Kentucky business leaders sure can pick ’em

I see a pattern here.  By the time that Kentucky business leaders visit an international  country to “grow business links” for our state, the visited country is doomed.

Could we not find a way to use the resources and brain power to relocalize our state and to disengage from the global economy?

Our jealousy over another nation’s supposed economic miracle is misplaced.  Chances are, those “miracles” are nothing more than some debt fueled property development binge. 

Three cases in point:  Ireland, Dubai, and China.

In 2007, Kentucky business leaders visited Ireland and came back glowing about how great the Irish economy was, and how much we could learn from them blah blah blah.  And then as you know, the whole Irish Tiger thing turned out to be a massive ponzi scheme that will take decades to recover from.  Read what I’ve said about that trip Gullibility as Economic Development

Then in 2010, many of that same set of “delegates” (sounds better than”junket takers”) visited Dubai.  Here’s one great quote about the importance of Dubai to Kentucky:  “It’s really a portal by which people do business in the Middle East. It’s a business-friendly center for that whole part of the world, especially for financial firms and trading firms.”

Yeah, it’s all that, or it’s a giant ponzi scheme.


THE DUBAI WASTELAND: 40% of Buildings Are Vacant And Prices Keep Falling

Gus Lubin Business Insider
Forty percent of the buildings in Dubai are vacant, according to Arabian Business.

For comparison only 28 percent of homes are vacant in America’s ghost town, Detroit.

Now here’s the scary part. Dubai hasn’t stopped building:

As many as 48,000 homes will be completed in the next two years, increasing current supply by 12 percent, Landmark Advisory estimates.

Around 12 million sq ft of commercial space probably will be completed in Dubai this year, according to Jones Lang LaSalle Inc.

Real estate values have already fallen by over 60 percent since the Dubai crisis, according to Arabian Business. New properties coming online are expected to push prices down by another 10-15 percent, in a slump lasting another 18 months.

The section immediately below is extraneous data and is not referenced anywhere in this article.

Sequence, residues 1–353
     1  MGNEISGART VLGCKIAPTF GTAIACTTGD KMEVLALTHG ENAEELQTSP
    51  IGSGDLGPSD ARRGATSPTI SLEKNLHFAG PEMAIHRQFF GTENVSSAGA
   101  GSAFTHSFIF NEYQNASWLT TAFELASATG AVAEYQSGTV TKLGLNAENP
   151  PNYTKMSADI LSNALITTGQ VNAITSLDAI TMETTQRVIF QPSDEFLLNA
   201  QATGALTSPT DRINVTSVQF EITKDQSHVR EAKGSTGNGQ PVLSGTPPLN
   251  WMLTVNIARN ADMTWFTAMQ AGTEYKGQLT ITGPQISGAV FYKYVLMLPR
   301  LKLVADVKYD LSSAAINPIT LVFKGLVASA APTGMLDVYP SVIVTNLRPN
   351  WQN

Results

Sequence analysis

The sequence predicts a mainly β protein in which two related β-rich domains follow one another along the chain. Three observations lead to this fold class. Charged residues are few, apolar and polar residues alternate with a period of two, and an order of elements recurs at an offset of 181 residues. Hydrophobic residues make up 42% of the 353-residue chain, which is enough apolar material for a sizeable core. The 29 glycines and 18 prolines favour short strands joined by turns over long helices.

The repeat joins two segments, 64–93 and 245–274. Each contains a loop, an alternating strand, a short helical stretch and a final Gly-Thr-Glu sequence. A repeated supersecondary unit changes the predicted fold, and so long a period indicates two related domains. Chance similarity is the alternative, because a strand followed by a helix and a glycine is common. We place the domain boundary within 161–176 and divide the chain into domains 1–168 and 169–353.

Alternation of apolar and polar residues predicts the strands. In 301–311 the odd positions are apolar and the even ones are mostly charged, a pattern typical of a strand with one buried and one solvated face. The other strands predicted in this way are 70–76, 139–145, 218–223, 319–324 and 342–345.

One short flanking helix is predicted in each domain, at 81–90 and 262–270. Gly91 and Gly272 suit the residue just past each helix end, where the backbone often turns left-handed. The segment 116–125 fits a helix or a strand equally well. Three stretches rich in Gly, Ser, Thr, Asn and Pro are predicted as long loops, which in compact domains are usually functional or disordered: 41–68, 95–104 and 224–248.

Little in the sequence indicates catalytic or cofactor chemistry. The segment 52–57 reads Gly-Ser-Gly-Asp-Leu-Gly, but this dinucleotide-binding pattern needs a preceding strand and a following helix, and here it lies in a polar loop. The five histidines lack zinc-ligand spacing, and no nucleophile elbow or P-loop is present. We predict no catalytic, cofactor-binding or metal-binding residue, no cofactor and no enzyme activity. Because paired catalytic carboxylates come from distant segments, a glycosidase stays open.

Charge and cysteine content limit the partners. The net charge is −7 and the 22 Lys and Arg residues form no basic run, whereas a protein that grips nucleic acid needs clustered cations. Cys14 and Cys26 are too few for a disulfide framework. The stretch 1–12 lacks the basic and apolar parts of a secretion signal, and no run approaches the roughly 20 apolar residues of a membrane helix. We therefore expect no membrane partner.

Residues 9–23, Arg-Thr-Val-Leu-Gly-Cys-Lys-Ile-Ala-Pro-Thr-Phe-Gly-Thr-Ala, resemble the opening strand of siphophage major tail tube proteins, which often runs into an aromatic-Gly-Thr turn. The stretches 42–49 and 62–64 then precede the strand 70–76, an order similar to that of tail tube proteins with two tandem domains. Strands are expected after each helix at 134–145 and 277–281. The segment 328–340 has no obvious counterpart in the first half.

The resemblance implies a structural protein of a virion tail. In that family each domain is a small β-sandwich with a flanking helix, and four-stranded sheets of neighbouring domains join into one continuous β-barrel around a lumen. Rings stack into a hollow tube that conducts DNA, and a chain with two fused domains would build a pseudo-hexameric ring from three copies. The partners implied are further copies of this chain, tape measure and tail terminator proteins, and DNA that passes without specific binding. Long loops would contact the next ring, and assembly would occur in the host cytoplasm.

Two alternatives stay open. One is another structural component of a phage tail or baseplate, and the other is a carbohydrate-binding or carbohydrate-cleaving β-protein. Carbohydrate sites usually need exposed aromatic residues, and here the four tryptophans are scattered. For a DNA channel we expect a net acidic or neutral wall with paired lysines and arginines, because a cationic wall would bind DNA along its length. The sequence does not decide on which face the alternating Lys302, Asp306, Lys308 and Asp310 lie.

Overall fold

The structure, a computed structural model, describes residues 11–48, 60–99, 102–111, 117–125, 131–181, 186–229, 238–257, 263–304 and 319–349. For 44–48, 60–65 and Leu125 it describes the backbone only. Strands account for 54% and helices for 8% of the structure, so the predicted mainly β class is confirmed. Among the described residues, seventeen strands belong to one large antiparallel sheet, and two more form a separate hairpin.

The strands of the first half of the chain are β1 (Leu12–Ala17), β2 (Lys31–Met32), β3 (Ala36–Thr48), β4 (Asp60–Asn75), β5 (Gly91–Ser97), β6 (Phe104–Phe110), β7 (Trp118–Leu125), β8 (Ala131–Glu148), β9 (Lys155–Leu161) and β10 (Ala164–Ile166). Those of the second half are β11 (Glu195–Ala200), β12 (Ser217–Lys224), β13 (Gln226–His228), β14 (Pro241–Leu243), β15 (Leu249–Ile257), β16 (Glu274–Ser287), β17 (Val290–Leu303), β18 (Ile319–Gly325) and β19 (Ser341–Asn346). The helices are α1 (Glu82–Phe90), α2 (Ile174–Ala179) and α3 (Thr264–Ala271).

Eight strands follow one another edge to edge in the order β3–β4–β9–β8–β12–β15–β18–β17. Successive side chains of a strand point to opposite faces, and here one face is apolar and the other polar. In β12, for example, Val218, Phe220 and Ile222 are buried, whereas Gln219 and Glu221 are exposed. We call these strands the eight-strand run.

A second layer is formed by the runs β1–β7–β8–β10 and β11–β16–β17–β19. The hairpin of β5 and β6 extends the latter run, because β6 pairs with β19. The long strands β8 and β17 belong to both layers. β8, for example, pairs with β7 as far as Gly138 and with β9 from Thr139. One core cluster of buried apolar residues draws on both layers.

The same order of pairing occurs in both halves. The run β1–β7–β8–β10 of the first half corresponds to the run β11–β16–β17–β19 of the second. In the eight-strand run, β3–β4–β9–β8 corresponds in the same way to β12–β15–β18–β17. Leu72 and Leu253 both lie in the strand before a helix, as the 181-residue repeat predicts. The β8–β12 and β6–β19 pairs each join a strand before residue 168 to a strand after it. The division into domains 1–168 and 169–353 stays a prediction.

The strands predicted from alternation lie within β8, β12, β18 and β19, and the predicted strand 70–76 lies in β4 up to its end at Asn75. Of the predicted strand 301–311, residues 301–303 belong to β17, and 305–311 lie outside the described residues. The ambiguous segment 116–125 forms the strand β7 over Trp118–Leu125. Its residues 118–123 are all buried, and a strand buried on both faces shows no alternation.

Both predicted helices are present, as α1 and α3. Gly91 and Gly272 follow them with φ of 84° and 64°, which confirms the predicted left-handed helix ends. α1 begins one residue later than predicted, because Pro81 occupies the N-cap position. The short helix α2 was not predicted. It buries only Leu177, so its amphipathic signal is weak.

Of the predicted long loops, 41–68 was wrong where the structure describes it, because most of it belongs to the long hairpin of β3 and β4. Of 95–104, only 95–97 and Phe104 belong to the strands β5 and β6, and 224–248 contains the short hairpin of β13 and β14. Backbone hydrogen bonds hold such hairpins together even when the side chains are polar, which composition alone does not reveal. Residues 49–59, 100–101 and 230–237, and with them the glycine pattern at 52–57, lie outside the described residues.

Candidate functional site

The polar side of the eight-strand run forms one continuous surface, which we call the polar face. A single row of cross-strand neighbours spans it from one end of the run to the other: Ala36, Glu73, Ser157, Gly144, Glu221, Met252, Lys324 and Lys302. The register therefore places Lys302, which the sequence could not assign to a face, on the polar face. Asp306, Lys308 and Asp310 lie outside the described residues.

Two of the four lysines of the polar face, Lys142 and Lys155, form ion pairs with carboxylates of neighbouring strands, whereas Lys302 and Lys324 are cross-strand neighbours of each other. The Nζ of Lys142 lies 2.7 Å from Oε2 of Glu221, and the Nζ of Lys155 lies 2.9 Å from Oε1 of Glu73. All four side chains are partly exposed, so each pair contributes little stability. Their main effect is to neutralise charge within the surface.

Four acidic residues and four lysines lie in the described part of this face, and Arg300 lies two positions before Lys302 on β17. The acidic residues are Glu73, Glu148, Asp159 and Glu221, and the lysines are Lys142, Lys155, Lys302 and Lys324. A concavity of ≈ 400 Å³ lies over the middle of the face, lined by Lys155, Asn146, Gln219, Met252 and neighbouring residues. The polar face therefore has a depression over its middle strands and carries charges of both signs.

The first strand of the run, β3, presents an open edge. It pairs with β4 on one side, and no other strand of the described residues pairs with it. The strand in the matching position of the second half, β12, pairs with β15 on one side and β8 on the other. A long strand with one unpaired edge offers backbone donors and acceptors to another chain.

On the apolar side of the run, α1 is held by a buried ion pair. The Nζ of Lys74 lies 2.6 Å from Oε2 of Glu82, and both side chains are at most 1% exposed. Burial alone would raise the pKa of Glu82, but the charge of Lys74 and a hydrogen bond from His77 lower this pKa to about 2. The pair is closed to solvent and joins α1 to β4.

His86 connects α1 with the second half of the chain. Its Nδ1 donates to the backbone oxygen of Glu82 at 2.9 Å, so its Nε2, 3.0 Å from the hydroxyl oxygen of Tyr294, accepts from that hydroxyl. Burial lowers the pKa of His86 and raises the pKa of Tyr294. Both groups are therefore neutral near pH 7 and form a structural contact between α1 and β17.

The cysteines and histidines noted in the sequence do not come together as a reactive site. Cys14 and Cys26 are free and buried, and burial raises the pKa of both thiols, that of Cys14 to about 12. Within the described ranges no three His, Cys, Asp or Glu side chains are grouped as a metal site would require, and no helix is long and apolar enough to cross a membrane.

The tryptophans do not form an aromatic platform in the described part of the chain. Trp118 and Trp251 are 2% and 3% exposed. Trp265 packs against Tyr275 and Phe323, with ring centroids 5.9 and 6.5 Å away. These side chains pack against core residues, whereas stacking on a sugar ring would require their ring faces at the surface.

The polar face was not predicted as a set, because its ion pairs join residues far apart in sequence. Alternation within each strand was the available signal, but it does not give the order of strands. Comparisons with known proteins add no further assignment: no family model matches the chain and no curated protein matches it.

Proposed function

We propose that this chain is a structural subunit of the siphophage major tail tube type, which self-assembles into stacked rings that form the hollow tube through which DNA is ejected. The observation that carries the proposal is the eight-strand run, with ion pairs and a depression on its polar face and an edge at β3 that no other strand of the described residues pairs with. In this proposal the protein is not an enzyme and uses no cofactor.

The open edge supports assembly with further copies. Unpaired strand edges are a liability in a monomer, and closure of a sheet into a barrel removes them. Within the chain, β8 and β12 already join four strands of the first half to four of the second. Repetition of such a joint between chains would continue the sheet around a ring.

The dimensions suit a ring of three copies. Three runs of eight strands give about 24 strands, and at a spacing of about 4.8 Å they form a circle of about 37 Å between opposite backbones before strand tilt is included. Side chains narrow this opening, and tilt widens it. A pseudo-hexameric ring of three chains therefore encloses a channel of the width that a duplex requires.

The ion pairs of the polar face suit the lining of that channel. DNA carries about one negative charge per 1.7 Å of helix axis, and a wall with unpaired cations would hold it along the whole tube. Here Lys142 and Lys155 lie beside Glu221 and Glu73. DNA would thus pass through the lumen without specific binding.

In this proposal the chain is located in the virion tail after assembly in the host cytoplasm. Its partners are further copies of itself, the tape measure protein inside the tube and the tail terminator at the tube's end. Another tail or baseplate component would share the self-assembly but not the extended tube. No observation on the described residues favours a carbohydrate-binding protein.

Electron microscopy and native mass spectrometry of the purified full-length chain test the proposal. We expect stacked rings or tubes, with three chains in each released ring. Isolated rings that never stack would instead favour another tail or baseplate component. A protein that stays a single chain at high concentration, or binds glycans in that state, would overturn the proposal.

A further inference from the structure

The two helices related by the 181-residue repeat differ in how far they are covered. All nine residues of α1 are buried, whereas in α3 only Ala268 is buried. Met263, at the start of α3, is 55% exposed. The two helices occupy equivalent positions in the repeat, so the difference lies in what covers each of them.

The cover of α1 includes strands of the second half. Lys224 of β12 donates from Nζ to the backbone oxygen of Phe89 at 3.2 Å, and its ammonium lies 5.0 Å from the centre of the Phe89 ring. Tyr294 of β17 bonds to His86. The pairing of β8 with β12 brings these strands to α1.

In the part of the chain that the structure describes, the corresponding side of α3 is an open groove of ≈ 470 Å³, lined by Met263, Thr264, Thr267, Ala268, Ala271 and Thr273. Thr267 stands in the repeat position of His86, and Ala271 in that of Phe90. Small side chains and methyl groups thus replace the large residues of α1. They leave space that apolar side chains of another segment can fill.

Last year Dubai office space was the fourth most expensive in the world, at $1,214 per square foot per year, according to Cushman & Wakefield. This year the emirate has fallen off the list, with declines of more than 30 percent.

And dont worry – our business leaders are off again for their second trip to China in a year.  What will they find in China?    It will “open your eyes to the vast business opportunities this country of 1.3 billion has to offer…”

Yeah, that.

Or this.

China’s bubble will burst – and take Asia with it, says Jim Chanos

By James McKeigue Money Week Feb 17, 2011

“China is heading for a fall”, says Jim Chanos – and it “will take Asia and resource economies like Australia and Brazil with it”.

Chanos, who has used satellite images from Google Earth to highlight Chinese “ghost cities”, has been criticized by some fund managers for never visiting China. But he thinks “being on the ground is overrated. In fact, people in China get bamboozled the other way. They see lots of activity and think things are booming… But if that isn’t economic activity, you’re going to have a problem, no matter how good it looks. People should spend more time studying the numbers.”

Read the rest here

I think if I’m a foreign country, and I hear that a group from Kentucky is visiting, I duck and fucking cover.  The party is over.


1 Comment

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One response to “Kentucky business leaders sure can pick ’em

  1. Danny

    Disaster capitalism always works on a local level. Scare local citizens into thinking that they are behind other far away places they known nothing about, and do it to push through changes that help your particular demographic (mostly the FIRE industries). As long as local media allow local leaders to get away with it (and don’t call bullshit), it’ll keep happening until the city can’t afford the plane tickets.

    Lucky we just elected a transnational business leader whose adept at exploiting different scales. I’m sure he’s not tempted to fear the city into paying for expensive “competitive” changes like renovating Rupp Arena…

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